Education is powered by Vocal.
Vocal is a platform that provides storytelling tools and engaged communities for writers, musicians, filmmakers, podcasters, and other creators to get discovered and fund their creativity.
How does Vocal work?
Creators share their stories on Vocal’s communities. In return, creators earn money when they are tipped and when their stories are read.
How do I join Vocal?
Vocal welcomes creators of all shapes and sizes. Join for free and start creating.
To learn more about Vocal, visit our resources.Show less
When you first become a teacher, people tell you that you have to stay calm at all times.
'It won't get you anywhere to get angry' they say.
Which is true, it won't. But teachers are still human beings, and trainee teachers are closer to being an average human than other teachers, so whilst your colleagues, friends and family (most of whom have no idea what you go through day to day) lecture you on being the bigger person, you will naturally struggle with a few key things.
Not swearing when a child swears at you.
Not crying out of frustration when they're really bothersome.
Not mimicking little year sevens who still talk in babyish tones.
And above all... not getting into an argument with a 14 year old.
Because 14 is just that age, where a student will feel like they're the biggest and baddest in the whole school. Year 10, usually, where GCSE's aren't quite yet, but they're still older than most of the other children, and they feel the need for a bit of rebellion because this is their school and who are you, as a teacher, to take that power from them?
Now, I am not here to tell you how perfect I am. I have done all of the above things. I have told a class to sit down and shut the hell up, and had them use the same phrase to me for a week afterwards, just to prove that if I can say it to them, they can and will say it back to me. I have made a few small children cry because I innocently mocked their hobbies, thinking they were being sarcastic. I have cried because of a class (although thankfully never in front of them), and I have gone home wearily after a long day at school and looked back on how that one student managed to get me to argue back like a five year old, and what I should have done better.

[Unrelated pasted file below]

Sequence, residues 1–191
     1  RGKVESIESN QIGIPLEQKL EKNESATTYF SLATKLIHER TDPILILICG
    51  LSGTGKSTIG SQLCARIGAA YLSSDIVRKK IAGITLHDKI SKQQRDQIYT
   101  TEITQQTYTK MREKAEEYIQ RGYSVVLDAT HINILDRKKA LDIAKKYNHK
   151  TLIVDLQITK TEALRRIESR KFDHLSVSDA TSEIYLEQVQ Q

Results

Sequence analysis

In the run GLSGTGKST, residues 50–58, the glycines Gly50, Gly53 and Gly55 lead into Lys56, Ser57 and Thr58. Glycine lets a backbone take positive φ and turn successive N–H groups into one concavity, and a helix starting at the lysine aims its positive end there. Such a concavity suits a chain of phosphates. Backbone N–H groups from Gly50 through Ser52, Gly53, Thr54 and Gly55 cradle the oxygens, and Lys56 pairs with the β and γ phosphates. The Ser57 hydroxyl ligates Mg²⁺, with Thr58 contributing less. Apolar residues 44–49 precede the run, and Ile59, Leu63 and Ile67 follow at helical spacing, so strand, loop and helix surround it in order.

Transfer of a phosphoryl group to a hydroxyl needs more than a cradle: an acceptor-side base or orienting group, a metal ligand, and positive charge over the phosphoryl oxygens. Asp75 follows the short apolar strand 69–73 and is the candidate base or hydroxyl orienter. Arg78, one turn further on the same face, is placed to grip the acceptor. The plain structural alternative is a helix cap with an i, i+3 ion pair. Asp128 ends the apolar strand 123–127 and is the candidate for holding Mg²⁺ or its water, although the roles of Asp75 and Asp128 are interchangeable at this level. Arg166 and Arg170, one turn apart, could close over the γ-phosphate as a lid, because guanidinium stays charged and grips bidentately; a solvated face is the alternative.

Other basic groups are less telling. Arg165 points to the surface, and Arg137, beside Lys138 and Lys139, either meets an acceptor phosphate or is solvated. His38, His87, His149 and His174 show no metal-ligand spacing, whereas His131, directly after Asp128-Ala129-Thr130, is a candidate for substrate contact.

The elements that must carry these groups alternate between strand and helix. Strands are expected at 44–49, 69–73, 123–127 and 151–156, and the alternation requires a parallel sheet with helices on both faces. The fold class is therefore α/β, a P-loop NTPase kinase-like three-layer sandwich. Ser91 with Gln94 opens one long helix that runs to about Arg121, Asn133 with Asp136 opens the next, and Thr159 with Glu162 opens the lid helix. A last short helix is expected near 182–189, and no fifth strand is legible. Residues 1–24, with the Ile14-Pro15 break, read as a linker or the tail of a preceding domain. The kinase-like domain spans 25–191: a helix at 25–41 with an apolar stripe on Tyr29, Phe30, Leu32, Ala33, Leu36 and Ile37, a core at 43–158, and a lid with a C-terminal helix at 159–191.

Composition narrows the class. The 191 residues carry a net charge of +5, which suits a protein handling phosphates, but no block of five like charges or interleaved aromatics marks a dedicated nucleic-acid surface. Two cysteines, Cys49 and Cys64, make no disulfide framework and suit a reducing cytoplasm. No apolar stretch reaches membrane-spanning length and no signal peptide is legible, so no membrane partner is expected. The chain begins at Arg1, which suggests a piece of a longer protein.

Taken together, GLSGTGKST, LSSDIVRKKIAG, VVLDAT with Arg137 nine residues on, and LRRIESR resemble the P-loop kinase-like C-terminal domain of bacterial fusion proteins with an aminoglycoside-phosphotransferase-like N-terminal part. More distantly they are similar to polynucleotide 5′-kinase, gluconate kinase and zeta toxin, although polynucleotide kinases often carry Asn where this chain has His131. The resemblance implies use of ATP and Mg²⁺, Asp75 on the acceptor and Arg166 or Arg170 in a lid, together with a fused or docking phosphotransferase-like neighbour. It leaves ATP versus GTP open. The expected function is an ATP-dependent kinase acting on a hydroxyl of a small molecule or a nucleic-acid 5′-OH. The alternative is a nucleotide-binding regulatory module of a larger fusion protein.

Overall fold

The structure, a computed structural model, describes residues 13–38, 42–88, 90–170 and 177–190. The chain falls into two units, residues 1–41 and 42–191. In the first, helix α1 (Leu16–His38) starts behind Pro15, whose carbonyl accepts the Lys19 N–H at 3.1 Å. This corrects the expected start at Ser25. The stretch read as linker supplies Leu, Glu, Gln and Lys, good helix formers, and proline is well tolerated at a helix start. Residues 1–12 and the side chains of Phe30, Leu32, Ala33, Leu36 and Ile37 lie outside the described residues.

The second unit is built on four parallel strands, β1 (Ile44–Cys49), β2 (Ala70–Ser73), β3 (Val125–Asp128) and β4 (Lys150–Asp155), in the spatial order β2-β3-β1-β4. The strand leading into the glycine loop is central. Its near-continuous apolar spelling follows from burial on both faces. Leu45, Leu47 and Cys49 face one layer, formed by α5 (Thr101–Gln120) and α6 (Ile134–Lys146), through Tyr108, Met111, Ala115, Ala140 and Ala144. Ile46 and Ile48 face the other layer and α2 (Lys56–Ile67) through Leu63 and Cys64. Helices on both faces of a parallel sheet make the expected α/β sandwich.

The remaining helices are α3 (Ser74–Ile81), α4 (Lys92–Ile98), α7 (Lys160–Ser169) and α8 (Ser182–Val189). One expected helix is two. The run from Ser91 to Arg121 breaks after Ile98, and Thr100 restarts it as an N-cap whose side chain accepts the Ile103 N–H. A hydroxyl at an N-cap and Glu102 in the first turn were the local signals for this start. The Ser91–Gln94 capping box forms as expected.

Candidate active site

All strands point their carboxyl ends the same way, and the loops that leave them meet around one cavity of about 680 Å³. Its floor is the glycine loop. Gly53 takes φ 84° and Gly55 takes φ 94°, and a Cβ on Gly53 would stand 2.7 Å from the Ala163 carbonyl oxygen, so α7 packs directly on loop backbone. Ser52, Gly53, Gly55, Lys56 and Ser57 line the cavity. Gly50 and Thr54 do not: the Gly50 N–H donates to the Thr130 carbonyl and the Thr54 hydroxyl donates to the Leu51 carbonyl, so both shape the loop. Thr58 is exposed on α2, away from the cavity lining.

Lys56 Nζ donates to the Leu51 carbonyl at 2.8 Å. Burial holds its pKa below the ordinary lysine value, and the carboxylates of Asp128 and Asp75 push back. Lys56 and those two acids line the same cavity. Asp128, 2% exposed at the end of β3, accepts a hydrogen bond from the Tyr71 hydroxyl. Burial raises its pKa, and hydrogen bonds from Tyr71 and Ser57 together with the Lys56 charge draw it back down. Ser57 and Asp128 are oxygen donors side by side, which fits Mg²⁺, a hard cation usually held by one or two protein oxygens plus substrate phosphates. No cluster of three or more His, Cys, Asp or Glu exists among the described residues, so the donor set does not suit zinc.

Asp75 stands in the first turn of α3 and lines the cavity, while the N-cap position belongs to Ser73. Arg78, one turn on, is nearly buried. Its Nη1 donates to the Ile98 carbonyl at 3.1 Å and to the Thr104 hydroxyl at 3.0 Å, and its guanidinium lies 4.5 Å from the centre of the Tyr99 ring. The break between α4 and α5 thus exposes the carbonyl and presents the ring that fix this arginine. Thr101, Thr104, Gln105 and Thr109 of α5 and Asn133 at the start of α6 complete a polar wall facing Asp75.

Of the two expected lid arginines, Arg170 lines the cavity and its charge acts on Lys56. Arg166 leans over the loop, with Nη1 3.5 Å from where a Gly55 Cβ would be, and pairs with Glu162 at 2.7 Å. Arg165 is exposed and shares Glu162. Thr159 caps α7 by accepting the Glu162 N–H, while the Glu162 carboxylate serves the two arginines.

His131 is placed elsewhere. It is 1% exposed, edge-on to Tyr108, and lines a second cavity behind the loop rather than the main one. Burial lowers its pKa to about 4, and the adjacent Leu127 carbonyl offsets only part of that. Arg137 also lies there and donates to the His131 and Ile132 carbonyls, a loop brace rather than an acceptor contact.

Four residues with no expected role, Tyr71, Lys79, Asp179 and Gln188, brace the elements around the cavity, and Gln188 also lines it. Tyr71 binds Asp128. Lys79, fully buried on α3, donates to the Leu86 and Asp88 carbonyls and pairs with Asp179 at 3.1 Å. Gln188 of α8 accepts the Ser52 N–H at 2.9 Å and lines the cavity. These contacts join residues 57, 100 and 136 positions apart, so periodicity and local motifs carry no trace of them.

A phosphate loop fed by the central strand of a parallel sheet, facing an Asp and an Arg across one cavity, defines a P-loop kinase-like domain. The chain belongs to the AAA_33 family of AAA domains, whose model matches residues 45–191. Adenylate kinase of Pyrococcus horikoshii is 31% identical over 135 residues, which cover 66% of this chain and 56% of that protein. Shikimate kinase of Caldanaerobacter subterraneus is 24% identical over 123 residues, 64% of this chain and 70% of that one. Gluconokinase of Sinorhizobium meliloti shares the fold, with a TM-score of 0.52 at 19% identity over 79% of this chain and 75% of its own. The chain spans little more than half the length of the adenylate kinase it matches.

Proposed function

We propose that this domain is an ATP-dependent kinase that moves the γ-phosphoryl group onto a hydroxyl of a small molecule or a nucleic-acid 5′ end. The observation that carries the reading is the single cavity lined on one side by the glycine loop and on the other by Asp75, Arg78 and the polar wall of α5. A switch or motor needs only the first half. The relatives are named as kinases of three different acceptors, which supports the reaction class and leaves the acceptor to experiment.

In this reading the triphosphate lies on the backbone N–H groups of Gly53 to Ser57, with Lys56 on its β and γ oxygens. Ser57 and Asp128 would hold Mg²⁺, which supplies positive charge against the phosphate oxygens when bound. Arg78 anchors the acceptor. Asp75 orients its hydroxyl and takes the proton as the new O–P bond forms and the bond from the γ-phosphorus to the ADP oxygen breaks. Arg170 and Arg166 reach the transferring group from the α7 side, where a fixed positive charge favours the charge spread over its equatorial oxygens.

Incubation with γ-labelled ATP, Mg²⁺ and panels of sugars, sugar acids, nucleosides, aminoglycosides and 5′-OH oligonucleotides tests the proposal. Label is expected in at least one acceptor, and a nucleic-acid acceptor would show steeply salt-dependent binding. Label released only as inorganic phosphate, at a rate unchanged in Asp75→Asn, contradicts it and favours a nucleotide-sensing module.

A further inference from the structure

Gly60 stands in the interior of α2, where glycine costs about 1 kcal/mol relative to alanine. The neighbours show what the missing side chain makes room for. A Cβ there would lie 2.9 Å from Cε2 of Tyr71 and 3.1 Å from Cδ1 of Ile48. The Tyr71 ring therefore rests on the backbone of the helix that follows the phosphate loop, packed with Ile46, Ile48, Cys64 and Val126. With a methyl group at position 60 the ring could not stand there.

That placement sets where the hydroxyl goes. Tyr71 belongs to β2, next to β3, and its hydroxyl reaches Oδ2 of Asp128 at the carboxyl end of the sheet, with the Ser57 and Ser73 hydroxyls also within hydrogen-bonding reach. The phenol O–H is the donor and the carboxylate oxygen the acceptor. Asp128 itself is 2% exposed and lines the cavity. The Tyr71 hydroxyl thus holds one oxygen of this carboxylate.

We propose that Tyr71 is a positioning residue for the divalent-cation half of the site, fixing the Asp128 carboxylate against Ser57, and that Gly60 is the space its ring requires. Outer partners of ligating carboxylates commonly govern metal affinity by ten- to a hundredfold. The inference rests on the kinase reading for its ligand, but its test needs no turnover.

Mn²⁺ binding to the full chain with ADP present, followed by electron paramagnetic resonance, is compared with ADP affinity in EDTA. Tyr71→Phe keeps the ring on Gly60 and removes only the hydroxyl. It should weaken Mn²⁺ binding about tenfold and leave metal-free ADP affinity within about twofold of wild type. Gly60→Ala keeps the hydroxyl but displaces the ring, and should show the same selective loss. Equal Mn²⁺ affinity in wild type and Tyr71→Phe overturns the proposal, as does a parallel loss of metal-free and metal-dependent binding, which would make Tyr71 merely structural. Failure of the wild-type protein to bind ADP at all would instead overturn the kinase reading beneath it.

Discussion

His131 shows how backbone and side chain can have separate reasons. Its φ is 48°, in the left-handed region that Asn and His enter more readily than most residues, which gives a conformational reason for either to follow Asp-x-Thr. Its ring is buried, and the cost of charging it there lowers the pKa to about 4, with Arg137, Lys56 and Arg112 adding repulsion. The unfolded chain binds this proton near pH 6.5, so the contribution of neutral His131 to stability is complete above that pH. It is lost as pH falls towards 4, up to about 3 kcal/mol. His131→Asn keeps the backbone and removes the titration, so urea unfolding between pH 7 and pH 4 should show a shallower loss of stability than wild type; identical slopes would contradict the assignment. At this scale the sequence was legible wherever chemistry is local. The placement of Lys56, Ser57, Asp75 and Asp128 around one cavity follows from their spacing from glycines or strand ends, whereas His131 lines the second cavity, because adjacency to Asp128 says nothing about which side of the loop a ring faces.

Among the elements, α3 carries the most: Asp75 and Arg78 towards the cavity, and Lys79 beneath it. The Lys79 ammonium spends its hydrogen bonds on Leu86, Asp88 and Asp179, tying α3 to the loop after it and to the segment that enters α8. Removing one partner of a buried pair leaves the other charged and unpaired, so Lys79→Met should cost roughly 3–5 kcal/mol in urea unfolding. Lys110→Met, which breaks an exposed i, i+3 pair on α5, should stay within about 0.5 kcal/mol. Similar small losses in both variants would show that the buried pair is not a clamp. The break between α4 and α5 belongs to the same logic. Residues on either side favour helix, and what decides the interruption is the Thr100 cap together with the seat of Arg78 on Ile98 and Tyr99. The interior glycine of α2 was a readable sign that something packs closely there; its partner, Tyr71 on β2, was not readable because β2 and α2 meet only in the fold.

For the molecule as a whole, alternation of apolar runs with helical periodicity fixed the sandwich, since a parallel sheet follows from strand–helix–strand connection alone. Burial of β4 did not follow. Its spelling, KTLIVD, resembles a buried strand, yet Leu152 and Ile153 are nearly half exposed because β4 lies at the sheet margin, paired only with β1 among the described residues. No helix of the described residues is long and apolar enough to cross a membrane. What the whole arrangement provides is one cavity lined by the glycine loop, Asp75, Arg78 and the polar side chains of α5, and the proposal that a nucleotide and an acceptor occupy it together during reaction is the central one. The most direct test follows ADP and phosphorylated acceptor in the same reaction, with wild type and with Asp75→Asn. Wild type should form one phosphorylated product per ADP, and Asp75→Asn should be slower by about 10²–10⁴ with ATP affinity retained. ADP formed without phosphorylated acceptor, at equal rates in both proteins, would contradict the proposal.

What I would like to share is my success. One recent day that I feel proud of, and the changes I have made as a result, and how they have worked for me. Recently I had a 'problem' student, as many a teacher might call them, accuse me of unfair treatment. Naturally, I hope you will give me the benefit of the doubt when I tell you that most certainly was not the case. In fact, I pride myself on my logical and fair judgement of the students in my classroom.
Now, I could have gotten very panicky and very stressed for how this would have affected other students' views of me, and whilst at the time I would have felt better, it would have made the situation a thousand times worse. The other students would see me as defensive and begin to wonder if I was being unfair and trying to justify it.
Instead, I reminded myself that this was a 14 year old child, who had no right to question my methods and the extensive education and training I had gone through to get to where I was. So I did what I thought was best at the time.
I ignored her.
And when she started to shout at me, I ignored her some more.
And when she came and stood right in my face, I ignored her still.
And eventually...the rest of the class rallied. They could see her getting frustrated, irrational even. They could hear her threatening to shove me or walk out of the classroom or throw things. They could hear her threatening their education by disrupting their lesson. And they told her to pipe down or leave.
I was stunned, I have to say. Every teacher likes to think their students like them. Most of us know that isn't really true and our students wouldn't care if we were there one day or gone the next. But what I appreciated was hearing my pupils stand up for not only me, but for themselves and their education, because it showed something I have been trying to instil in them for months; it showed a sense of responsibility for their learning and it showed they could be selfish at the right time. They weren't thinking of their friend, the wailing wonder at the front of the room pitching a hissy fit over not being asked a question. They were thinking of their grades and their future and how one lesson could mean the difference between an A and a B.
That is what I am proud to have instilled.
That is why I strive to stay calm when a student gets difficult.
Because nothing is more entertaining than watching a kid show themselves up as irrational and irritating to 30 of their closest peers.
Petty? Maybe. But in teaching, the small victories are the best.